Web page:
Dictionary of National Biography, 1912 supplement/MacDermott, Gilbert Hastings
MACDERMOTT, GILBERT HASTINGS, whose real surname was Farrell (1845–1901), music-hall singer, born on 27 Feb. 1845, served in youth in the royal navy. As 'Gilbert Hastings' he made his first appearance on the stage in 1869, as 'utility' actor at Dover. A few months later he came to London, making his first appear- ance as 'G. H. Macdermott' at the Oriental Theatre, Poplar. Later he played at the Grecian (1870-1), Britannia (1871-2), Sanger's (1873), and the Gaiety (1873). A fair actor in parts like Myles-a-Coppaleen in 'The Colleen Bawn,' Richard Varney in 'Amy Robsart,' he was also a versatile playwright in melodrama, and among plays of his which were produced in London were 'The Headsman's Axe' at the Grecian (1870), 'Driven from Home,' at the Grecian (1871), 'The Mystery of Edwin Drood,' 'Brought to Book' (with Henry Pettitt, [q. v.], 1876), both produced at the Britannia, and 'Racing' (1887), at the Grand Theatre, Islington.
Meanwhile, in 1873 Macdermott made his first appearance at the London Pavilion music-hall, singing 'The Scamp,' the first of a highly successful series of comic songs. In 1874 he accompanied the opera-bouffe artiste, Juha Matthews, to America as both stage manager and actor. He appeared with her at the Eagle theatre. New York, in such pieces as 'The Irish Heiress' (1 Nov. 1875) and 'Giroflé-Girofla,' and played Bob Brierley in 'The Ticket of Leave Man' (February 1876). On his return to England in April 1876 he acted at the Britannia Theatre in 'Brought to Book,' and then returned to the London Pavilion, where he sang such popular songs as 'I'll strike you with a Feather' and 'The Two Obadiahs.' Early in 1878, when political excitement in England over the Russo-Turish war ran high, and Lord Beaconsfield, the prime minister, sent a British fleet into Turkish waters to resist the advance of Russia, Macdermott leapt into universal fame by his singing of a song written and composed by George William Hunt (1829 ?-1904), a most fertile composer of music-hall songs, who was author of some ballet music and of the incidental music to the burlesque 'Monte Christo, Jr.,' and was also a painter of some merit (he died in Essex County Asylum of softening of the brain on 3 March 1904; cf. Musical Herald, April 1904; Referee, 22 Oct. 1911). Hunt's patriotic song of 1878, with a swinging tune and a refrain beginning :
We don't want to fight.
But by Jingo, if we do,
We've got the ships, we've got the men,
We've got the money too,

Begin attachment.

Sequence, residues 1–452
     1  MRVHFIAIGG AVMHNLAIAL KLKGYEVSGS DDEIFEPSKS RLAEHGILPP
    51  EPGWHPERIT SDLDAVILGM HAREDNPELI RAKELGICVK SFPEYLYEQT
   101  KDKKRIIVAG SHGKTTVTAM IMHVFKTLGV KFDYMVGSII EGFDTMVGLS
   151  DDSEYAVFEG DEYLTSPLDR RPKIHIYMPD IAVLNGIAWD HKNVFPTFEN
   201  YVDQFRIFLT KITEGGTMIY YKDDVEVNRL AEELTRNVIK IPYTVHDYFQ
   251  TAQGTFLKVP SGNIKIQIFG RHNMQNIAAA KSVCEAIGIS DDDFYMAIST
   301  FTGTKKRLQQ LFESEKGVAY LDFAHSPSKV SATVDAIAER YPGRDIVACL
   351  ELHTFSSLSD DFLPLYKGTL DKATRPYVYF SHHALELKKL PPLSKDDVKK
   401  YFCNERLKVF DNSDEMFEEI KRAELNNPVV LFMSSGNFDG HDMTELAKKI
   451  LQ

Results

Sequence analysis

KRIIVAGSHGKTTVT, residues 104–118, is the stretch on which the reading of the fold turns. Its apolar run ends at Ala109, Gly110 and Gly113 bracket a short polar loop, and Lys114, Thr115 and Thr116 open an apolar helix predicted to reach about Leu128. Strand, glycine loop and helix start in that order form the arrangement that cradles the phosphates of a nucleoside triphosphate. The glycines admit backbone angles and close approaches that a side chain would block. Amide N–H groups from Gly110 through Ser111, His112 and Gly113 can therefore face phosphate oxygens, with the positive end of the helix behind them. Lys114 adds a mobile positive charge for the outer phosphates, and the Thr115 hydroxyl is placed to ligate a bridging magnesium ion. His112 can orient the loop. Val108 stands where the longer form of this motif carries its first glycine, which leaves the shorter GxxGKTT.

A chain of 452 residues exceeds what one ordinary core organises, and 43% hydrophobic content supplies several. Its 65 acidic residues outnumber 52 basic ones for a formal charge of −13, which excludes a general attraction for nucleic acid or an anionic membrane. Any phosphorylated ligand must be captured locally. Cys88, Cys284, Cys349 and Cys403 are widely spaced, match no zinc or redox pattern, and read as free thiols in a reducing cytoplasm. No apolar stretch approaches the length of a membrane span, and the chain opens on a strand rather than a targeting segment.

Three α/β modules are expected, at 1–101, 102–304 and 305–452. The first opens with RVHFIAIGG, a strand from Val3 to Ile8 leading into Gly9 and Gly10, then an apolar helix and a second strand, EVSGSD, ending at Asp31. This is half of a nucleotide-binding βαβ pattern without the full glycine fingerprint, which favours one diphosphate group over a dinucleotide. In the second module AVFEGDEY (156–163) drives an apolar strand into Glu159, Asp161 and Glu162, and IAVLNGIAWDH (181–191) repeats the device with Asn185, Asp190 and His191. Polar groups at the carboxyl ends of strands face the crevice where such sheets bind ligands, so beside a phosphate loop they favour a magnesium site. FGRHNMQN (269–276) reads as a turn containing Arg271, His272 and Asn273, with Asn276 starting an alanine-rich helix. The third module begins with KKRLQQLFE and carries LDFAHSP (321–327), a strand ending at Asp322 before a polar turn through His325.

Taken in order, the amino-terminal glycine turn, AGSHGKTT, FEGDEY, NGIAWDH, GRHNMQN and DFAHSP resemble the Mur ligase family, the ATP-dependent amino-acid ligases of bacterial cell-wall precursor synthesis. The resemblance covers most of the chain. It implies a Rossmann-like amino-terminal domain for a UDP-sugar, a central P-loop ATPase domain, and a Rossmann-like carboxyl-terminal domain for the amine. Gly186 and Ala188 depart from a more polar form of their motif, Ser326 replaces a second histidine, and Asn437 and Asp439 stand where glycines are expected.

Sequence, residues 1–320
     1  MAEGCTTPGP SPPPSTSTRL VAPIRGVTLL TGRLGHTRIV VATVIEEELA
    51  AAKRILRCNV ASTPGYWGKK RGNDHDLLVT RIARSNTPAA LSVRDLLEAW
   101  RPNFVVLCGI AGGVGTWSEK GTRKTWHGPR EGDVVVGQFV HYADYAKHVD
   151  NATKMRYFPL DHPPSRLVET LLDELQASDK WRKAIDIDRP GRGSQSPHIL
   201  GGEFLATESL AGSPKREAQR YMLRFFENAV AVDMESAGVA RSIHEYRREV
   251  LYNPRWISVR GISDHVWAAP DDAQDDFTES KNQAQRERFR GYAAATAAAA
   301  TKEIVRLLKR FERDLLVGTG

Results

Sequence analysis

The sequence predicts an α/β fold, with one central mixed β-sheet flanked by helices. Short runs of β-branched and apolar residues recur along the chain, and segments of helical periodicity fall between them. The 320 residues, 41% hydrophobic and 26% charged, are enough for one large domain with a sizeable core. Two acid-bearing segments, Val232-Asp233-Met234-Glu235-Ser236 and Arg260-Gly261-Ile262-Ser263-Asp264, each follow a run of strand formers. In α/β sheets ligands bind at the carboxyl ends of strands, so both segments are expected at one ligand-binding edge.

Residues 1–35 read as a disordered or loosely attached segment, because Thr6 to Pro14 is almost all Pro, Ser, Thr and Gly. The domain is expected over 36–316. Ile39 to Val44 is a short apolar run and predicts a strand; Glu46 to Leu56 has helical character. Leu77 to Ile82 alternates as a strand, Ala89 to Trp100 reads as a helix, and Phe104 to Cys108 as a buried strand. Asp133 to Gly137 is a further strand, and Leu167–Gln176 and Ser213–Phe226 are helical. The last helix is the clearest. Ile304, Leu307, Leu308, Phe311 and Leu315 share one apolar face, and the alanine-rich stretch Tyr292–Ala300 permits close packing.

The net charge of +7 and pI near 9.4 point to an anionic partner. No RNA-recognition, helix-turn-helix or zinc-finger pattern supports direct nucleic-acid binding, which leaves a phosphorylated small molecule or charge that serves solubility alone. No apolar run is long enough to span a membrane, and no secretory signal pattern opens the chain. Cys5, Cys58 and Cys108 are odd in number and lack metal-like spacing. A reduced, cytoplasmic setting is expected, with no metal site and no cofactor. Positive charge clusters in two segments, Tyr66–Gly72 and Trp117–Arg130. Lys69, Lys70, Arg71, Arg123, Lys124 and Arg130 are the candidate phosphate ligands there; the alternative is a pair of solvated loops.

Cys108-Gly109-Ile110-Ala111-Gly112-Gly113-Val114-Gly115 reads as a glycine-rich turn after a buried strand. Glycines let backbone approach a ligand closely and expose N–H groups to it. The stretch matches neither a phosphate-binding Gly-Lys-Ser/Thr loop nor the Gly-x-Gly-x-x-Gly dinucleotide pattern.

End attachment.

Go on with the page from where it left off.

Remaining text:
became at Macdermott's instigation the watchword of the popular supporters of England's bellicose policy. The 'Daily News' on 11 March 1878 first dubbed the latter 'Jingoes' in derision, and George Jacob Holyoake [q. v. Suppl. II] wrote to the paper on 13 March 1878 of 'The Jingoes — the new type of music-hall patriots who sing the Jingo song.' Macdermott continued singing the 'Jingo' song for two years, and at his call the words 'jingo' and 'jingoism' passed permanently into the EngHsh language in the sense of 'aggressive patriot' and 'aggressive patriotism (cf. New English Dict. s.v. 'Jingo').
Later songs which owed their popularity to Macdermott were 'On the Strict Q.T.' and 'Jubilation Day,' which, set to the Boulangist tune 'Le Père de Victoire,' was popular during Queen Victoria's jubilee year, 1887.
'The Great Macdermott' was of fine stature and commanding presence, and possessed a powerful if unmelodious voice. He was practically the last of the 'lion comiques' of the English music-hall, resplendent in evening dress with a vast expanse of shirt-front. In his later years Macdermott performed in dramatic sketches at music-halls, making a hit in 'Our Lads in Red.' His last appearances were at the London Pavilion and Tivoli music-hall in 1894. Subsequently he was proprietor and managing director of several music-halls. He died of cancer at his residence in Clapham on 8 May 1901, and was buried at West Norwood cemetery. He was twice married, his second wife being well known on the music-hall stage as Annie Milburn. An engraved portrait appeared in the 'Era,' 11 May 1901.
[Personal recollections; Daily Telegraph, 9 May 1901; The Times, 10 May 1901; Era, 11 May 1901; Notes and Queries, 20 July 1901; information from Mr. Henry Davey.]